Monday, July 16, 2007
Gangsterism In School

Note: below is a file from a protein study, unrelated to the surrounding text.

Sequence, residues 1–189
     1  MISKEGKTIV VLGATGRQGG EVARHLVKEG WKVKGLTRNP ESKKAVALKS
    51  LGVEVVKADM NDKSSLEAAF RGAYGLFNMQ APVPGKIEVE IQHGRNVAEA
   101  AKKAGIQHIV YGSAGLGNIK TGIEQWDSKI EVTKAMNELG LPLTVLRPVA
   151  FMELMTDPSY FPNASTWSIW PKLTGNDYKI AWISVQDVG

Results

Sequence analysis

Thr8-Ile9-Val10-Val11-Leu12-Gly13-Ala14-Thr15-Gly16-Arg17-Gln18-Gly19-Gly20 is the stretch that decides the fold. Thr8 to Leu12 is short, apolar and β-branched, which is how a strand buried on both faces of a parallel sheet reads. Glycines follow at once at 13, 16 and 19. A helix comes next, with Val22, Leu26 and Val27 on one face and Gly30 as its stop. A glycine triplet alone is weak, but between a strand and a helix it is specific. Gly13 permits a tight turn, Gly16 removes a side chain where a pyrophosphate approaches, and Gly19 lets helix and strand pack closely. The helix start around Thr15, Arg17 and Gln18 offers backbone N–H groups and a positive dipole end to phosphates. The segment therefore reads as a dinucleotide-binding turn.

For months, school officials have been denying that student violence had become a problem, with some saying that it was just the usual school fights and a few cases of truancy. But these same officials are now having a hard time saying the same thing, following a series of assaults involving students in various schools in the last several weeks. Some say what has been happening can no longer be explained as ''indiscipline'' or ''juvenile delinquency'' or even ''bullying''. Rather, they say, the more appropriate term is ''gangsterism''. After all, argues retired primary school official Ravinder Singh, ''These boys are not doing things individually at the spur of the moment. They are doing things in groups. They organize and plan''. In mid-May, for example, police in Butterworth in mainland Penang state arrested 14 teenage schoolboys who had apparently assaulted four of their schoolmates. According to the police, the suspects believed the victims had ''ratted'' on them to a teacher for leaving school earlier than usual. For this, they rained punches on their victims and hit them with sticks. One of the victims ended up with a head injury and had to be admitted to hospital while the others sustained minor injuries. In another recent incident, this time in Ipoh city, north of Kuala Lumpur, 16 schoolboys allegedly beat a 17-year-old student unconscious after accusing him of stealing 100 ringgit (about $26) from the class fund. The boy's father said his son, Mohammad Razin, ''still has bruises all over and the doctor says there might be internal bleeding''. Razin, a high achiever, has said that his schoolmates assaulted him for four hours - and even after he passed out - to make him confess to stealing from the class fund, which he kept. In another incident, a 14-year-old schoolboy was also found unconscious in Alor Setar, the capital of northern Kedah state, following an apparent assault by schoolmates. Authorities have detained seven teenagers in connection with the incident. ''The problem started 15 years ago at least,'' Ravinder, now a consumer rights activist, says of the violence in schools. ''But at that time, there were not many incidents and they were not as serious as now.'' Ravinder claims school heads, district education officers and probably even those in the state education department knew what was going on, but failed to give correct feedback to those at the top.''They didn't want to show they had problems in the schools,'' he says. Officials in fact are still saying that 0.8 percent of students have disciplinary problems, although the government has been alarmed enough to direct an independent study on ''gangsterism'' to be carried out. Says Ravinder: ''The figures they are getting are not accurate and very much played down. Those cases that don't reach the police or the press are swept under the carpet.'' This is because, he says, schools fear adverse publicity will tarnish their image. Ravinder insists though that the problem is quite widespread and affecting many schools in major towns. He also says it began growing after teachers were barred from using the cane and were instead expected to counsel problem pupils in school or send them to the principal. But social worker Catherine Selvam says sterner modes of disciplinary action merely tackle the symptoms and not the root cause of the problem. She says what should be addressed is the ''automatic promotion'' in schools that she says is to blame for what is happening. Under the system, pupils advance to a higher grade annually regardless of their performance in a particular year. According to Selvam, those who are weak academically usually become frustrated when they find it more and more difficult to cope as they go up to the higher grades. ''They are automatically promoted every year and they cannot cope,'' says Selvam, a former schoolteacher who now provides remedial education to disadvantaged children. ''Deep down, their self-esteem and self-worth falls instead of building up and they think very poorly of themselves.'' She adds that these pupils eventually get lost in their schoolwork, especially when they reach their teenage years. They then feel they are not respected by their schoolmates and their teachers, who have to cope with large classes of students of mixed ability. ''Because these children have so little self-worth, they feel that the only way to be recognized and to have a sense of belonging is by belonging to a gang or group that they feel is 'powerful','' says Selvam. ''Like anybody else, these children also want to prove that they are good at something.'' Peer pressure also comes into play, points out Selvam. ''They feel that if they are called to belong to a group or gang, they will get the recognition they don't find anywhere else.'' More disturbing are the indications that it does not take much for violence to flare. Says one teacher: ''They fight about minor things - maybe there is shoving or staring.'' In May, for instance, an apparent showdown between two teenage pupils outside their classroom led to a bloody battle involving some 40 of their schoolmates in Sungai Petani in Kedah state. The boys used bricks, bottles, screwdrivers, sticks and even chairs from the faculty room to fight each other on school premises, which happened to be barely 500 meters from a police station. The scuffle, which led to three pupils sustaining injuries to their heads and bodies, ended only when police rushed in and detained 30 of the students. Sixteen of the boys were later held for questioning.